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Religion and Politics


Religionand Politics

Religionand Politics


Whigideology was a political philosophy that believed that congress wassuperior to the executive arm of government. The Whig ideologybelieved in economic protectionism and modernization. It was opposedto the tyranny that was in the form of absolute monarchy (Lambert,2005).


TheWhig ideology was related to religion in that it was opposed to theabsolute control of all social aspects of society by the executive.The Whig ideology sought to free society from control by theexecutive, including religion. The Whig ideology believed in thefreedom of society from the control of the executive.


Thetruth is an aspect of society that needs no protection at all becauseit is a fact. The state thus does not need to protect the truth. Thelate colonial world faced many challenges including the separation ofthe state and religion. This was based on the belief that religionwas the absolute truth and it needed no political protection andcontrol in order to be upheld (Lambert,2005).This was also the basis for colonization, as religious philosopherssaw no need of political support in order to spread religion.


Accordingto Locke, the religion and the state are two separate entities. Thestate takes care of the external interest of the citizens whilereligion takes care of the internal affairs of the citizens (Lambert,2005).He argued that the state had no control over the souls of the peopleand that is why the society needed religion to take care of the soulof the citizen.


Cato’sletters were essays written between 1720 and 1723 by two Britishwriters Thomas Gordon and John Trenchard. The letters were aboutliberalization of society and the religious and civil aspects ofsociety. The letters were tilted towards revolution and they soughtto liberate society from the control of the state.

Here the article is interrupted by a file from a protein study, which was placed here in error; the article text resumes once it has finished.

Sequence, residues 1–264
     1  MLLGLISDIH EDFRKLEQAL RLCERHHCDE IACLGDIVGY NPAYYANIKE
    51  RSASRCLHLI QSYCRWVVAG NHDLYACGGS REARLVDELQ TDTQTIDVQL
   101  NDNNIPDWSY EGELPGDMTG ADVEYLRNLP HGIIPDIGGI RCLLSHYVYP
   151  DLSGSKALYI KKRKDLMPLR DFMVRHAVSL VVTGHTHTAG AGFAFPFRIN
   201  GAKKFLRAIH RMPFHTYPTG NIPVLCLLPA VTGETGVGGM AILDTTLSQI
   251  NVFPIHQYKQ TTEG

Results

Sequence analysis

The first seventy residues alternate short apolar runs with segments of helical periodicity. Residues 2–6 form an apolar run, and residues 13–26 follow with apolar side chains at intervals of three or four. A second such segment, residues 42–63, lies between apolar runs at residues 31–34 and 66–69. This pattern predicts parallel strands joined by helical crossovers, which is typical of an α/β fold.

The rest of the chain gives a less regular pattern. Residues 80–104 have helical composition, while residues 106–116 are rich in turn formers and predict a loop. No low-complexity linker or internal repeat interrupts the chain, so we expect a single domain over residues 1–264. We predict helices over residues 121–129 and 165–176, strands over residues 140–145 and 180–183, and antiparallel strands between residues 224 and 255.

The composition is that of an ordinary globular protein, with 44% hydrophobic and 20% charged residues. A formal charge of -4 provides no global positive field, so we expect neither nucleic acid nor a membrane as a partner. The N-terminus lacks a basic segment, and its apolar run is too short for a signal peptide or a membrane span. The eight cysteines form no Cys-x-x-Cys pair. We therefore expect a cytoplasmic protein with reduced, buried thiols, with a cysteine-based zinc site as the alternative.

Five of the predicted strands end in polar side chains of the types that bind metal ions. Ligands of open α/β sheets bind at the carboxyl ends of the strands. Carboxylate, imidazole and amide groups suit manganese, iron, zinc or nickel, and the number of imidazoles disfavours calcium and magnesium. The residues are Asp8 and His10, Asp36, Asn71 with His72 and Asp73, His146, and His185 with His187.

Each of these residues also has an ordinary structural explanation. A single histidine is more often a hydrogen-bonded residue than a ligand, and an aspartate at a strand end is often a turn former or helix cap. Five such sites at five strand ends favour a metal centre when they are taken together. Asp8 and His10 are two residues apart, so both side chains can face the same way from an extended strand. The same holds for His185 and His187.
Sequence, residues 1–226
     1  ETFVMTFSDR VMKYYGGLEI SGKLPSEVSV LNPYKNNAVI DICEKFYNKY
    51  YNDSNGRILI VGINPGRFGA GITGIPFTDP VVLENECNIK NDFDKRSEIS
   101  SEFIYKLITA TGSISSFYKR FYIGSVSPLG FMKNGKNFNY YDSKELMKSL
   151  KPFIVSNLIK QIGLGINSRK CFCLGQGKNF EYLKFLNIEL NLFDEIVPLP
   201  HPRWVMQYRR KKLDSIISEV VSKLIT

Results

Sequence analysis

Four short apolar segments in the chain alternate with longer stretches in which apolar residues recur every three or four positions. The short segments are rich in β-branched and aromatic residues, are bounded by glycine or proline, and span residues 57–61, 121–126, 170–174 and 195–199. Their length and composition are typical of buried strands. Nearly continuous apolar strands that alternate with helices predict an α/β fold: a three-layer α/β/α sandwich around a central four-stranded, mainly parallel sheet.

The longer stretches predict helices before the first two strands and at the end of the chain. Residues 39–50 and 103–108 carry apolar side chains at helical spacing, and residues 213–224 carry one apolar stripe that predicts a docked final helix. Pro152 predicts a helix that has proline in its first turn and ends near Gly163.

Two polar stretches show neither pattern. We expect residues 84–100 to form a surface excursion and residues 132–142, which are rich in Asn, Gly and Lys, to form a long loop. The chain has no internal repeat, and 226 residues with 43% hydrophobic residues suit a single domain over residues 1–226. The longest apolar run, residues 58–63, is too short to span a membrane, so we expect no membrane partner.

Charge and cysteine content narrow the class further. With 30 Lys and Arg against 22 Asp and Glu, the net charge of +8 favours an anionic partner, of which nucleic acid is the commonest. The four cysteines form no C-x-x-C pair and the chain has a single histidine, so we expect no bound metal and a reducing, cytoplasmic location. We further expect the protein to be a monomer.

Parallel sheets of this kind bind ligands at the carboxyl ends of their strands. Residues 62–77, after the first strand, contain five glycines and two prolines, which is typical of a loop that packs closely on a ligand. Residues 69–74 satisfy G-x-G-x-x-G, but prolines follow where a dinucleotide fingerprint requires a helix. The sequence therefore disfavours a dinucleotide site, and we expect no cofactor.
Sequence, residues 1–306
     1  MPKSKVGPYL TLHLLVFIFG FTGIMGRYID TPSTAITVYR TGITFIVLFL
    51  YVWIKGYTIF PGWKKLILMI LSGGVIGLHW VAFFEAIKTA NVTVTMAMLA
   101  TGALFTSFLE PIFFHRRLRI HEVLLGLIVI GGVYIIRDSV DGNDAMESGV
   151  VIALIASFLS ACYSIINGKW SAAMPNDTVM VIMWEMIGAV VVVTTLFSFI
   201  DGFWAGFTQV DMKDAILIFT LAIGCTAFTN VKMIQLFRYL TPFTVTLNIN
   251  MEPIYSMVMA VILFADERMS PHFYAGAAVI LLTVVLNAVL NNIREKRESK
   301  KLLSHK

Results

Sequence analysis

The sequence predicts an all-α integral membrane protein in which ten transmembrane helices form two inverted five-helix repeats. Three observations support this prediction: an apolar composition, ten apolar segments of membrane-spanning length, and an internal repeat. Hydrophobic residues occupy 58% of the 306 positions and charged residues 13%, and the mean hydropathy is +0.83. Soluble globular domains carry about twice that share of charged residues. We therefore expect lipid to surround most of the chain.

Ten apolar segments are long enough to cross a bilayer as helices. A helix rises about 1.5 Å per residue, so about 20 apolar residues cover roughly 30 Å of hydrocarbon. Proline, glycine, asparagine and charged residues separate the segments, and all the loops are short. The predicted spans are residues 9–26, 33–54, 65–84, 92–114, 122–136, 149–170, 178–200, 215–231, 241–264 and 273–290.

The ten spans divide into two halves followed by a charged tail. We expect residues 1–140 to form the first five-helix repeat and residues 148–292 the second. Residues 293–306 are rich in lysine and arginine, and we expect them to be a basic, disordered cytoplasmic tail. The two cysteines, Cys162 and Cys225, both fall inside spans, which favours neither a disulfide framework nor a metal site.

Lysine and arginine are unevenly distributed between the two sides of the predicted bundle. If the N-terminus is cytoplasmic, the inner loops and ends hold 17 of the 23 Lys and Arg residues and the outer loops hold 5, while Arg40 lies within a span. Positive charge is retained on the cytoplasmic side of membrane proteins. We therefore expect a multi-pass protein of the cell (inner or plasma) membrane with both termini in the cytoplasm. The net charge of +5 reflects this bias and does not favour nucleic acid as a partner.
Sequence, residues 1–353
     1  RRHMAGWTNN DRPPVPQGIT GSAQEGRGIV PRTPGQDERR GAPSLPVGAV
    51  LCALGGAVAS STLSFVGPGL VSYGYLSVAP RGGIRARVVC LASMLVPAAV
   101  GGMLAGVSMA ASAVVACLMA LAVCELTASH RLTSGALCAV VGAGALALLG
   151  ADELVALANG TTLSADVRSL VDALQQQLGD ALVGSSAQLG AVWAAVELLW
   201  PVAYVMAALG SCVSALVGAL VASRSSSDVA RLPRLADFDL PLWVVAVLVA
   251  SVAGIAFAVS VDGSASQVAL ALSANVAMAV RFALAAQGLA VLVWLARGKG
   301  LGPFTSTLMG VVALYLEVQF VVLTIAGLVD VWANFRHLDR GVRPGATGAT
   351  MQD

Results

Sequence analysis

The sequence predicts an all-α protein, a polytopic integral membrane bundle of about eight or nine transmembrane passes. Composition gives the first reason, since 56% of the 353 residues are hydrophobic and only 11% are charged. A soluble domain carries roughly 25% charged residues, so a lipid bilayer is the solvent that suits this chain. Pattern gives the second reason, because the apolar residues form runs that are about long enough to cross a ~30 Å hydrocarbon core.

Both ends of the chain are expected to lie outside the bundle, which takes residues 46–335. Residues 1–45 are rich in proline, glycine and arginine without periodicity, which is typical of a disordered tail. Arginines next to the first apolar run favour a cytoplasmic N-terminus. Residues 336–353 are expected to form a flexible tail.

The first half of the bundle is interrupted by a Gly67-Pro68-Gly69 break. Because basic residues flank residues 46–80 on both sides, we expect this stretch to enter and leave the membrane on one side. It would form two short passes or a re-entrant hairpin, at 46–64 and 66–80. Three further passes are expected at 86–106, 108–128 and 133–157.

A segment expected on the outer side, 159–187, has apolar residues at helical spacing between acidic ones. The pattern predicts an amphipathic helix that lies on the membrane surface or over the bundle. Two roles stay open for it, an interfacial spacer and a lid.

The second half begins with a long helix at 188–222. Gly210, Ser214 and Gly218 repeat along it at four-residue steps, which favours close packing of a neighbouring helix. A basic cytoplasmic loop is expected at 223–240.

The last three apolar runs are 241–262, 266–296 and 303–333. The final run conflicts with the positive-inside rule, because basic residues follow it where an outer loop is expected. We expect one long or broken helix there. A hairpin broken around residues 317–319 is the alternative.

BenjaminFranklin was opposed to the use of religious language in politicalcircles as he believed that politics and religion were separateentities and that none was supposed to control the other or thesociety at large (Lambert,2005).This was correct as religion and society are two separate socialorganizations, which have separate mandates over the society.Franklin’s advice will prevail in society as the world is slowlybecoming secular and people separate religion from politics.


TheAmerican society was opposed to an attempt by the British toestablish religious powers over the society as the society felt thatthis was an indirect control of the American society by the BritishMonarchy, which was also the head of the Anglican Church (Lambert,2005).The appointment of a Bishop for America would have led to an indirectcontrol of the American society by the Monarchy since the Bishopswere under the Monarchy. The American society would thus, be underthe control of the Monarchy even those who were not Anglican.


Thelegal battles between Livingston and Henry were as a result ofLivingston’s refusal to use religious teachings in legal decisions.Livingston chose to use the law independently as opposed to mixing itwith religion. Henry, on the other hand, believed that the law andthe religion were dependent on each other. The cases were identicalbecause they were civil cases. These are important as they show howreligion and politics became separate entities and would serve allthe people in the society.


Lambert,F. (February 3, 2005). Introduction.The Founding Fathers and the Place of Religion in America.New Jersey: PrincetonUniversity Press.